Volume 18, No.4 - Winter 1972
Editors of this issue: Thomas Remeikis
Copyright © 1972 LITUANUS Foundation, Inc.

Leonas Sabaliūnas: LITHUANIA IN CRISIS: NATIONALISM TO COMMUNISM, 1939-1940 (Bloomington: Indiana University Press, 1972).

In this study Dr. Leonas Sabaliūnas traces the major socio-economic and domestic political forces that shaped the history of Lithuania from 1926 to 1940. The main emphasis, however, is on the transition from the authoritarian regime of President Antanas Smetona to the totalitarian rule of Stalinism. The author is well prepared to handle the study: he holds a doctorate from Columbia University and has the linguistic advantage of being a native Lithuanian, which enabled him to make use of the Lithuanian periodicals published during the period of the study.

Devoid of emotionalism or preconceptions and in good empirical fashion, the author has analyzed some of the problems and difficulties affecting the Lithuanian Republic since 1926. He also scrutinizes the democratic parties governing Lithuania until 1926, pointing to the parliamentary inexperience and dogmatism prevalent among many liberal and democratic politicians. Sabaliūnas views the establishment of dictatorship in Lithuania as a broader European phenomenon: to Smetona and his supporters, both among the Nationalists and a number of Catholic politicians, the "in" movements were the authoritarian movements.

It seems to me that in analyzing the Smetona regime, Sabaliūnas should have placed more emphasis on the pressures against Smetona from Voldemaras and his supporters, who tended to view Smetona as being not enough of a nationalist, too lenient toward ethnic minority groups, and, above all, because of the "mesalliance" with a Polish wife, as being too soft toward Poland over the Vilnius issue. Sabaliūnas points out quite correctly that after the overthrow of the democratic regime in Lithuania, Smetona was not quite certain how to restructure the country politically. Following similar tendencies in some of the other European countries, Smetona endeavored to work out a formula for a domestic brand of authoritarianism. In the long run, he appears to have lacked certain ingredients for a successful dictator, such as fanaticism, prompt action, and charisma. In retrospect, the repression practiced by Smetona appears almost benign when compared to the Stalinistic rule imposed on Lithuania in 1940.

Among the more complex issues under consideration is the question of Lithuanian attitudes toward the Soviet Union. Sabaliūnas mentions that prior to the crucial events in 1939, certain intellectuals were interested in fostering friendly relations with the Soviet Union and that certain industrialists, to insure themselves for the future, subsidized the Communist cause. It would be interesting to know how many of them were of ethnic minority stock. Unfortunately, a detailed documentation of such collaboration is very difficult or impossible. Some fellow travelers, who had accepted the Stalin Constitution of 1936 and similar documents at face value, later became militant anti-Communists, attempting to hush up their left-wing political past, while others in Soviet Lithuania, in retrospect perhaps, magnified their pro-Soviet involvement.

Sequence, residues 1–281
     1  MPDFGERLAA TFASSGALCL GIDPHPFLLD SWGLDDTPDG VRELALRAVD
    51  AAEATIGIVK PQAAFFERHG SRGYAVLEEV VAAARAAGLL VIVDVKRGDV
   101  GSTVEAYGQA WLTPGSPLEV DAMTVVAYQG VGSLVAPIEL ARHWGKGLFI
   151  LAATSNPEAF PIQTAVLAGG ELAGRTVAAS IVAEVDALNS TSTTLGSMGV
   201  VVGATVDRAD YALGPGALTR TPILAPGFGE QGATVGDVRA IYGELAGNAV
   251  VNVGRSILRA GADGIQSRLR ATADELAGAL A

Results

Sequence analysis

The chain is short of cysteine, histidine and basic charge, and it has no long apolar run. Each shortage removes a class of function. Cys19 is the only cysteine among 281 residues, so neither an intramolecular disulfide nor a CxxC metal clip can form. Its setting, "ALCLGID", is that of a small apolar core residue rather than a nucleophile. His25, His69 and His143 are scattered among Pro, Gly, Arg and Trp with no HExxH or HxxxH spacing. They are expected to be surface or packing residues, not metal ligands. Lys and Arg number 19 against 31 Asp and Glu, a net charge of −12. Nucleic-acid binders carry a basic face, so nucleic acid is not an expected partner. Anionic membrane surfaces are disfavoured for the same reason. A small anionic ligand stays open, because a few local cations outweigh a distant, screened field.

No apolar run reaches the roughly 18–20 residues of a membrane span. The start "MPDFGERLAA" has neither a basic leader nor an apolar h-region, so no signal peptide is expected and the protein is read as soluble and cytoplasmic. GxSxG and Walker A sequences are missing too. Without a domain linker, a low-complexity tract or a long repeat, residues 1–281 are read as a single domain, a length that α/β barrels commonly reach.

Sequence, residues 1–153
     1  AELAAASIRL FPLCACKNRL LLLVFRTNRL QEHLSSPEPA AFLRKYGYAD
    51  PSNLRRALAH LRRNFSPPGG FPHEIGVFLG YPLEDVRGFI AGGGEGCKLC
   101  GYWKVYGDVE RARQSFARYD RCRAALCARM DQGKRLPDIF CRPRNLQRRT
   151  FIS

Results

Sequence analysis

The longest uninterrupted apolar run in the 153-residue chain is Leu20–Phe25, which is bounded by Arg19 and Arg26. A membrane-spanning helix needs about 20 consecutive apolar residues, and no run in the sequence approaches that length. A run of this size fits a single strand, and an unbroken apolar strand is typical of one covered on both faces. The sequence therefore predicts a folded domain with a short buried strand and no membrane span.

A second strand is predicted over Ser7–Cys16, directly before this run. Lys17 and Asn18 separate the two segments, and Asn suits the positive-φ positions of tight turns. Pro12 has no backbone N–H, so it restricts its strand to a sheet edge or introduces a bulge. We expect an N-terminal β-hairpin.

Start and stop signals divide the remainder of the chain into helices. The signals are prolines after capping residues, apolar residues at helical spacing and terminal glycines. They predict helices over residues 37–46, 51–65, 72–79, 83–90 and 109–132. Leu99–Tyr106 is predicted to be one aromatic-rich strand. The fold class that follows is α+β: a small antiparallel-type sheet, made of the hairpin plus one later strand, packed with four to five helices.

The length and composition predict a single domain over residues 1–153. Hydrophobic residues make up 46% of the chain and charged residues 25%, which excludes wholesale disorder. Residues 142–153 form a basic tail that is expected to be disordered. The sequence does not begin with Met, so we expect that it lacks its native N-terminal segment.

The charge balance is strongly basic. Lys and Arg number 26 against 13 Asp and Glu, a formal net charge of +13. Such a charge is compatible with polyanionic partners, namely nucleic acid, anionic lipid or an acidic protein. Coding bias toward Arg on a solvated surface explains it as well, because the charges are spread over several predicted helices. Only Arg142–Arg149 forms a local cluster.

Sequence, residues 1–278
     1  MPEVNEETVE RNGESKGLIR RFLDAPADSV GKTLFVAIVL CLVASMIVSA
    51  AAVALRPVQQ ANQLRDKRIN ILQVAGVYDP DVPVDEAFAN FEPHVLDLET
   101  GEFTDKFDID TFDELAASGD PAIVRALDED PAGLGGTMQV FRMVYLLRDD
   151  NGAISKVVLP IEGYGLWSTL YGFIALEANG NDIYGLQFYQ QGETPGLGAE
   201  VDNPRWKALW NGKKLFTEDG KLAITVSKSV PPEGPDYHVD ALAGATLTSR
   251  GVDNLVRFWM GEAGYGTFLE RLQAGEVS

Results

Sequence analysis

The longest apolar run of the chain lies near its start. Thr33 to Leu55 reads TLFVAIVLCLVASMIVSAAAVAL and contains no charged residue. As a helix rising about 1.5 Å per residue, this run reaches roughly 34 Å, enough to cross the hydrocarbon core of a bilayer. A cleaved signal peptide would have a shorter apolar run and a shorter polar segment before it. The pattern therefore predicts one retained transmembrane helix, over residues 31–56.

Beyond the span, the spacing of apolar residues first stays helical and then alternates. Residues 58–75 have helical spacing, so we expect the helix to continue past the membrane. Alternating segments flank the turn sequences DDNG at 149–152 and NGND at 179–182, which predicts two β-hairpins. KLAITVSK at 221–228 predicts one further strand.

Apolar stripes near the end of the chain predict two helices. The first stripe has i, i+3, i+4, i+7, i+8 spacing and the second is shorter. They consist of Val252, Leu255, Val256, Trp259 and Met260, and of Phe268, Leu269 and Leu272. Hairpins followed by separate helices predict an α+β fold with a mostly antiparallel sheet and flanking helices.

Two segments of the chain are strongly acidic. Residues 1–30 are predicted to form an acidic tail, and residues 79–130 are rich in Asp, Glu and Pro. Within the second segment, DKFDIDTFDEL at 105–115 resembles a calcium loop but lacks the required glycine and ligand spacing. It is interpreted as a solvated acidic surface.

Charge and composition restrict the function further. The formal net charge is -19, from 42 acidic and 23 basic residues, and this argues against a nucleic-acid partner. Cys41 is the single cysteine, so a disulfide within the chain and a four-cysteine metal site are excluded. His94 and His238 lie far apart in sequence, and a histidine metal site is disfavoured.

The actual sovietization of Lithuania in 1940 is described very vividly. I share the author's viewpoint that Justas Paleckis, at the time of signing the order authorizing the mass deportations of Lithuanians to Siberia and elsewhere, was a tragic figure acting under orders from Moscow. The book seems to suggest that somehow Lithuania would have looked better in 1940 had it been governed democratically. If one recalls that the sovietization of Lithuania was carried out in conjunction with the Molotov - Ribbentrop Pact of 1939, I do not see how any democratic regime could have done better under the circumstances. Interesting parallels can be drawn to Czechoslovakia in 1948. Beneš, the leading democratic statesman of a democratic republic was being deceived to the bitter end by Stalin and his underlings as to the true intentions of Moscow in Czechoslovakia. As in Lithuania, guarantees of noninterference in domestic affairs were rendered to be broken with impunity. Dr. Sabaliūnas points to the tragedy of many liberals in Lithuania who witnessed the destruction of Lithuanian authoritarianism to end up under an alien totalitarianism.

A great asset of this book is the intellectual honesty of the author. Dr. Sabaliūnas should be commended for furnishing new and lucid insights into recent Lithuanian history which has been much neglected in this country.

State University of New York
College at Buffalo